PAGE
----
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BMC Rendering

BMC Rendering - H2020 Marie Sklodowska Curie Action

BMC Rendering - H2020 Marie Sklodowska Curie Action
The goal of this project is to develop innovative methods for accelerating the synthesis of photo-realistic images. To this end, we resort to machine learning-based techniques, with a particular focus on Bayesian approaches.

Photo-realistic rendering (PBR) is the task of using computers for producing synthetic images of digital scenes that are indistinguishable from what a real photo of that same scene would look like. It is a very challenging task which requires high quality geometric models of the objects in the scene, defining and assigning realistic materials for each of those objects, and a physically-based light propagation simulation.

The realistic simulation of light propagation is a key factor for producing photo-realistic images, since it allows computing the exact amount of light that would arrive to the camera film after multiple bounces and interactions with the scene objects, hence realistically reproducing a virtual photo of the scene. However, such a process is very computationally demanding, and usually requires a large amount of time and resources for producing a single image (recall that, for a movie, at least 25 images per second are required, in general).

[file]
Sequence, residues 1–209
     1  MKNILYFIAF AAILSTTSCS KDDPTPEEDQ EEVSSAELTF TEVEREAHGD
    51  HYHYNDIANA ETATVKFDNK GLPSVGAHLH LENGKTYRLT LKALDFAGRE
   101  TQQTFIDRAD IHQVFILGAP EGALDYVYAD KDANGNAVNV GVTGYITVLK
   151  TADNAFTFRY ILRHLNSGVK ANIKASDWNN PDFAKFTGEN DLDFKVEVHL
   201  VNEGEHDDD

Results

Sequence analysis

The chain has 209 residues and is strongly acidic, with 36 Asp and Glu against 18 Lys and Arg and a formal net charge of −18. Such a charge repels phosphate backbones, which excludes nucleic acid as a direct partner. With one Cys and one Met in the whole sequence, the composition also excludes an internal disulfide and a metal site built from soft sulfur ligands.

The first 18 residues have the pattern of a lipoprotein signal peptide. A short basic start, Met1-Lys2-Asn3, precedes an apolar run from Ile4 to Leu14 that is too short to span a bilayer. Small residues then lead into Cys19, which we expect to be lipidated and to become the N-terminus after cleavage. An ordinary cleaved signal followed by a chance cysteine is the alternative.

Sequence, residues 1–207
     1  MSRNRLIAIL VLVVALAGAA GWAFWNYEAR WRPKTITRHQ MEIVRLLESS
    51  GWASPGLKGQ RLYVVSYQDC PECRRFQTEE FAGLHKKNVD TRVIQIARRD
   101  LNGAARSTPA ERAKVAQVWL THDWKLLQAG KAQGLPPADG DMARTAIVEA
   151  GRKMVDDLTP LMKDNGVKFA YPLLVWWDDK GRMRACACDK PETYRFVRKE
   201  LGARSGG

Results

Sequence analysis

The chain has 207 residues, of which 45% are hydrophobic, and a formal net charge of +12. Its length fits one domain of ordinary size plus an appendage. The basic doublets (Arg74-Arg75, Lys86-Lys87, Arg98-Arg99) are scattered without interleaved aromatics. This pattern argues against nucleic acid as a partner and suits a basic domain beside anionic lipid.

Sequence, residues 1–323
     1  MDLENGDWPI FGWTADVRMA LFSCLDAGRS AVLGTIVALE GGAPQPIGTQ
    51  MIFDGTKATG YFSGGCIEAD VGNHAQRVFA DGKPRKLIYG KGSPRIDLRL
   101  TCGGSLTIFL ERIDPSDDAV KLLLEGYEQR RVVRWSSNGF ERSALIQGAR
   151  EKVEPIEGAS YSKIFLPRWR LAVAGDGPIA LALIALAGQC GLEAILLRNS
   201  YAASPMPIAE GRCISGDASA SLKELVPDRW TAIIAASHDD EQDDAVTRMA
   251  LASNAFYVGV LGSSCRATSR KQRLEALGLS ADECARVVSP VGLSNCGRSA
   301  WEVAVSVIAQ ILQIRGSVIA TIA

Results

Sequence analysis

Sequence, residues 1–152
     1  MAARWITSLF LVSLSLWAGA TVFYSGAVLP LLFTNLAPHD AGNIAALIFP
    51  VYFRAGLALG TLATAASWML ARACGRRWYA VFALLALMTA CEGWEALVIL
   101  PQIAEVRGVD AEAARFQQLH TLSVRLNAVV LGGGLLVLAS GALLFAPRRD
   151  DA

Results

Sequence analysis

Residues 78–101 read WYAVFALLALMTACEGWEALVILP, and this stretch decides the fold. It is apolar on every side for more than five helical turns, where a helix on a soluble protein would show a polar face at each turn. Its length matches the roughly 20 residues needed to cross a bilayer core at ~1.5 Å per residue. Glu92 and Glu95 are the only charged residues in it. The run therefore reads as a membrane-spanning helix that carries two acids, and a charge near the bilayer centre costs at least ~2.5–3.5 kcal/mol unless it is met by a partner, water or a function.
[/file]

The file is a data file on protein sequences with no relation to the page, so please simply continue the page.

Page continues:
PBR has a large set of applications, ranging from movies and computer games industry to more serious applications such as flight simulators. Perhaps the most typical example of the importance of this technology is architecture, where architects can interact with a realistic visualization of a building yet to be constructed. This allows them to eventually adapt the building to their own purposes taking into account the chosen materials and illumination considerations. Other important applications can be found in the car industry, plane industry, etc. The impact of this technology in the society is quite relevant, since it can help companies save millions of euros in expensive real prototypes by resorting to realistic digital simulations instead.

The goal of this project is to develop innovative methods for accelerating the synthesis of photo-realistic images. To this end, we resort to machine learning-based techniques, with a particular focus on a relatively recent approach called Bayesian Monte Carlo. These techniques allow learning from the synthesis of previous images and re-use the learned information to more efficiently compute new photo-realistic images. However, due to their complexity, a direct application of these techniques to PBR is cumbersome. This project has the general objective of making such application feasible.

Principal researchers

Ricardo Marques

This project has been funded by European Union's Horizon 2020 research programme through a Marie Sklodowska‐Curie Individual Fellowship attributed to Ricardo Marques. Grant Number: 707027